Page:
Friday, December 25, 2015

The Hope that Christmas Brings

Merry Christmas everyone!  It's Christmas Day!

Come with me as I reminisce how Christmas has changed for me (which may be similar to your experience) and what I have found about Christmas to always stay the same.

When I was young, the magic and mystery of Christmas surrounded me.  Time seemed to slow the months, weeks, days and even hours before Christmas.  It was as if time played a trick on me every year and dragged its feet like a rebellious child not wanting to enter the room named Christmas, no matter how hard I tried to convince it to get there earlier. 

I couldn't wait for Christmas Day.  I couldn't wait for the opportunity to actually want to wake up at 6 in the morning.  Presents would appear under the tree that weren't there the night before.  The magic of Christmas infected me.  And though I didn't know it then, I had tapped into something about Christmas, its joy and excitement, ultimately personified in hope that should be in everyone's Christmas.

I see that same joy and excitement in my daughter Victoria, who looks forward to Christmastime as a nearly 16 year old young lady, with the same enthusiasm that I had when I was 8.  She loves to give gifts, in the same way that I looked forward to receiving them.  If I had to guess, I would think that she actually has more fun than I ever did as a kid.  I think that she gets it.

Around the age of 19, I came to understand the true meaning of Christmas.  Not the second birthday for myself given by a magical pudgy grandfather figure in a sleigh who seemed to always know if I had been naughty or nice, but still gave me gifts anyway, but the small Child in a manger who was born to be the gift to me (and the whole world).  That revelation has rocked my world ever since and changed the way that I have celebrated Christmas.

As I have grown from a young man to a young married man to a father, there has been a mission for me to make sure that when I celebrate Christmas, Christ doesn't get lost in the celebration, but is the center of it.  How do I continue to celebrate the most profound of mysteries, namely the God of the universe wrapping Himself in flesh and bone to commune and ultimately die for us, and not make the celebration about me?

A number of years ago, my wife and I made a decision not to buy gifts for our family for Christmas.  Rather we would spend our time focusing on Jesus and what He would have us do during this time of year.  During these years, we have bought Christmas presents for others through Operation Christmas Child, served homeless families with our lifegroup at Joy Junction, given to missionaries whom we know are spreading the good news of Christ around the world, provided gifts to needy families within our church, as well as, giving the traditional gifts to friends and family as God gave us leading and joy to do it.  And on every Christmas Day, like today, we sit down and spend time in prayer and worship for the One who's birthday we celebrate.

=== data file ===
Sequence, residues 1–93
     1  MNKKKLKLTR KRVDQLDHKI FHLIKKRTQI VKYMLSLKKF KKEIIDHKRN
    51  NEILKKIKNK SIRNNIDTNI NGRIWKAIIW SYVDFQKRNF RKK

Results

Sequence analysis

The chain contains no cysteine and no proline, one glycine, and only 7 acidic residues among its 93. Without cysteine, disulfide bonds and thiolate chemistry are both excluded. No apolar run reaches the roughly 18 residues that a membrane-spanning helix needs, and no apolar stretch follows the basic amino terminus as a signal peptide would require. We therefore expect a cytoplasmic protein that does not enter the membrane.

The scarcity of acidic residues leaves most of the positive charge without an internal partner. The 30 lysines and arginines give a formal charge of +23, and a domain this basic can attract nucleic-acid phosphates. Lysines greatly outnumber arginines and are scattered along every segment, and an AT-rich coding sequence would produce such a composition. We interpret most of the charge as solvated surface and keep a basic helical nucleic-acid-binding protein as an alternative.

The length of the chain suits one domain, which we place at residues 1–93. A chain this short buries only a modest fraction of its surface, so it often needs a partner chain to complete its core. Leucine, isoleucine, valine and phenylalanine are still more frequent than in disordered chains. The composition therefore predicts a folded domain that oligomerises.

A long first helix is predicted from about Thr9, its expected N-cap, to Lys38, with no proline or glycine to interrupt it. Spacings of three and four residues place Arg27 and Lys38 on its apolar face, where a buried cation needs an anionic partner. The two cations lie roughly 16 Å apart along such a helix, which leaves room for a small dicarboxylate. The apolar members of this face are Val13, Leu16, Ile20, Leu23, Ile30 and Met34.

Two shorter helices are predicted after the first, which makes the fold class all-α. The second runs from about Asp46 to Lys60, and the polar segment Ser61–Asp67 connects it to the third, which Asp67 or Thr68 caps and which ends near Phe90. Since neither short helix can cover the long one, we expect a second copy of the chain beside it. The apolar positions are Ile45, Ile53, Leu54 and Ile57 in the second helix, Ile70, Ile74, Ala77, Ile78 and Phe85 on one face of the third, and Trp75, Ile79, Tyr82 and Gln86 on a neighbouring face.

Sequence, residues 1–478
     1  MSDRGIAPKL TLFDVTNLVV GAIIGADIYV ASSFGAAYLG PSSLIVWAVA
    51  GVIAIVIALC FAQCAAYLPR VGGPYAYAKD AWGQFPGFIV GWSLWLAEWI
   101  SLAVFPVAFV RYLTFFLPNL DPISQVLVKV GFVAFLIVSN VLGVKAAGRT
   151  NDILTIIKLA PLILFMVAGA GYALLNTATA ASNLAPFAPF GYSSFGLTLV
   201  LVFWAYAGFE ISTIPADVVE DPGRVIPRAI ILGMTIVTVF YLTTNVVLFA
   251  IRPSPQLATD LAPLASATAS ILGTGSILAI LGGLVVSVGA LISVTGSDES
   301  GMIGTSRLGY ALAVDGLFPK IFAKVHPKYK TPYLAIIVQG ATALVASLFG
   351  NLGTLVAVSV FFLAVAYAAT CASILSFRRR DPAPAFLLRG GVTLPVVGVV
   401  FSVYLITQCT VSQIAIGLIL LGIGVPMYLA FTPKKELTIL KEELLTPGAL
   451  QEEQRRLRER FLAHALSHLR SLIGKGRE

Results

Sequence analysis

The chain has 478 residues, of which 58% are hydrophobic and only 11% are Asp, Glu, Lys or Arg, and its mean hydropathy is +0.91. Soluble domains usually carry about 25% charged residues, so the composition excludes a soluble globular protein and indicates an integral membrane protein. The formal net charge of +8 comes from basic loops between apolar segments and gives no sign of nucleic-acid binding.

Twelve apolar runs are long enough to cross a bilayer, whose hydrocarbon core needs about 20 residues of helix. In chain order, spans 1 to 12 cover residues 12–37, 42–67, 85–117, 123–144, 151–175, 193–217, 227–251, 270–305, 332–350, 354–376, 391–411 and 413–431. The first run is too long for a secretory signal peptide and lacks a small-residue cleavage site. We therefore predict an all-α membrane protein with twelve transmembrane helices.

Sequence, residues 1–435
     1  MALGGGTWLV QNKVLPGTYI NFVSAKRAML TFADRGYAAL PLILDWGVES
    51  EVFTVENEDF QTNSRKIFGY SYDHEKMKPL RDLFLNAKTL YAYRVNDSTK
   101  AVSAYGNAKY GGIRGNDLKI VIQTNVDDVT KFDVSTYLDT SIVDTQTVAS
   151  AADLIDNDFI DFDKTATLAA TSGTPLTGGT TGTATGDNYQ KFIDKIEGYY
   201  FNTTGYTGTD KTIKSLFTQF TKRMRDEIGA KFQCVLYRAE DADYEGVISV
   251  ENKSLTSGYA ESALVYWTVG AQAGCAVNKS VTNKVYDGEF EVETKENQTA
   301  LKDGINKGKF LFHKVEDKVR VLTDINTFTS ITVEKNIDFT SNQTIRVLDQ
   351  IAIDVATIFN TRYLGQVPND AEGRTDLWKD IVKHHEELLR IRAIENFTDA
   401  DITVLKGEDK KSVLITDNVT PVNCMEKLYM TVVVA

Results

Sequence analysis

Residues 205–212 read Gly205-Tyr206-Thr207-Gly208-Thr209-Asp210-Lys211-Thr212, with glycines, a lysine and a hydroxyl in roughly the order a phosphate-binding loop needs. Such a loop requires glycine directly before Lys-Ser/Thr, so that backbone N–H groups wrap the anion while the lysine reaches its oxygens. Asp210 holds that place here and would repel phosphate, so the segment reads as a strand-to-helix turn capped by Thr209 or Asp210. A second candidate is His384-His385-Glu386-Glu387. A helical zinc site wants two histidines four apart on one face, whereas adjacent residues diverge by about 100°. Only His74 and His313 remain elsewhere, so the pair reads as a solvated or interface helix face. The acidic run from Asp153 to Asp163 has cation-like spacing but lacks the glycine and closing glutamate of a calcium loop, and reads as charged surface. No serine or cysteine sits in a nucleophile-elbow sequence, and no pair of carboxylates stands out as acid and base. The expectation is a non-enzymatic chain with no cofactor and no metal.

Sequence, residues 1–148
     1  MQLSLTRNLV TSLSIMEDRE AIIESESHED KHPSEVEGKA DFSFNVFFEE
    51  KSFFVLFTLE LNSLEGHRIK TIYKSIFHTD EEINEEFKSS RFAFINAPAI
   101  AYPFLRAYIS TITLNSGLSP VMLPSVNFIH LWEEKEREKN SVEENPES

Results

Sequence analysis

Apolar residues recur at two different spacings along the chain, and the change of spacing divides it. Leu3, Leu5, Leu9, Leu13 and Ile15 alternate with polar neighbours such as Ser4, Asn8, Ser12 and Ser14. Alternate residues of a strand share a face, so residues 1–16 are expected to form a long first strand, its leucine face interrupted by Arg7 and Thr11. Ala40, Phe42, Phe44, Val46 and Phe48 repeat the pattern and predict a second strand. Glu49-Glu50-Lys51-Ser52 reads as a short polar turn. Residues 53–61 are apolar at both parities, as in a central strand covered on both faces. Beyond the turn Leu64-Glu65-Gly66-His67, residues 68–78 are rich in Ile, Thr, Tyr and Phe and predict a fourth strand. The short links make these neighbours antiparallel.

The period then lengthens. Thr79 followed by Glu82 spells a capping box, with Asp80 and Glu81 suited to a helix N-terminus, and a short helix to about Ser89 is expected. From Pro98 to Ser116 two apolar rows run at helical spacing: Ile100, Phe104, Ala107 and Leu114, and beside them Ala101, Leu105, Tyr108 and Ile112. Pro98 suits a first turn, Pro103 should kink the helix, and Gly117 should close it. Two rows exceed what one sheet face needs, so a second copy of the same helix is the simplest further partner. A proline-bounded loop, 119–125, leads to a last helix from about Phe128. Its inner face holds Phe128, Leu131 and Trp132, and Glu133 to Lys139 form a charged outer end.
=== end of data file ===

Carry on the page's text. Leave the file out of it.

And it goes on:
As I look forward to the years to come, I see many friends who are experiencing suffering and hardship, as Christmas becomes a reminder of friends and family who are hurting or no longer here this time of year.  There is a tree planted outside our church from a dear friend who passed away earlier this year.  His wife and grandson took great care to put some simple decorations on the tree bringing a festive look to the outside of our church with far greater meaning than those who see it will ever truly know.  Another in our church family is experiencing the recent loss of a wife of 60+ years, and though I know he is surrounded by a great family, my heart aches for these wonderful people, and many others like them that I know, as Christmas takes on a different nature than what it began.  I will be praying for them today. 

I know that as I grow older, these realities await me in even greater frequency than I currently experience them.  It is why my Facebook feed today is filled with rightful reminders to remember those who are hurting or missing loved ones. 

So how do I celebrate as this becomes a greater part of my Christmas reality?

I believe that there is a connecting thread of hope that undergirds the true meaning and celebration of Christmas that provides wonder and awe for the child, the joy of selfless giving for the youth and adult, and the comfort needed to those who are suffering loss. 

For it is the same Babe in the manger that would command the waves and the wind and walk on the water as a sheet of glass and give hope to the child that nothing is impossible with God.

It is this same Babe in the manger who would command us to love our neighbors as ourselves and remind us that it is more blessed to give than to receive and give hope to the youth and adult that true joy and purpose comes from following Him rather
than our own selfish desires.

It is this same Babe in the manger who would promise those in a place of sorrow or suffering that there is a place being prepared for them and all who believe where there will be no more pain, no more sickness, no more suffering and no more death and give hope that this life is not the end.  It is only the separation that is temporary, the joy, however, is permanent. 

And this hope is personified in the coming of the Babe in a manger.  He is the reason we celebrate Christmas and is the only One who can bring any true lasting, enduring meaning to it.  He is the reason we have hope.  He is God's gift to the world. 

Makes sense, if you ask me.  After all, it is His birthday.

"Fear not, for behold, I bring you good news of great joy that will be for all the people.  For unto you is born this day in the city of David a Savior, who is Christ the Lord." -- Luke 2:10b-11 ESV
 

 

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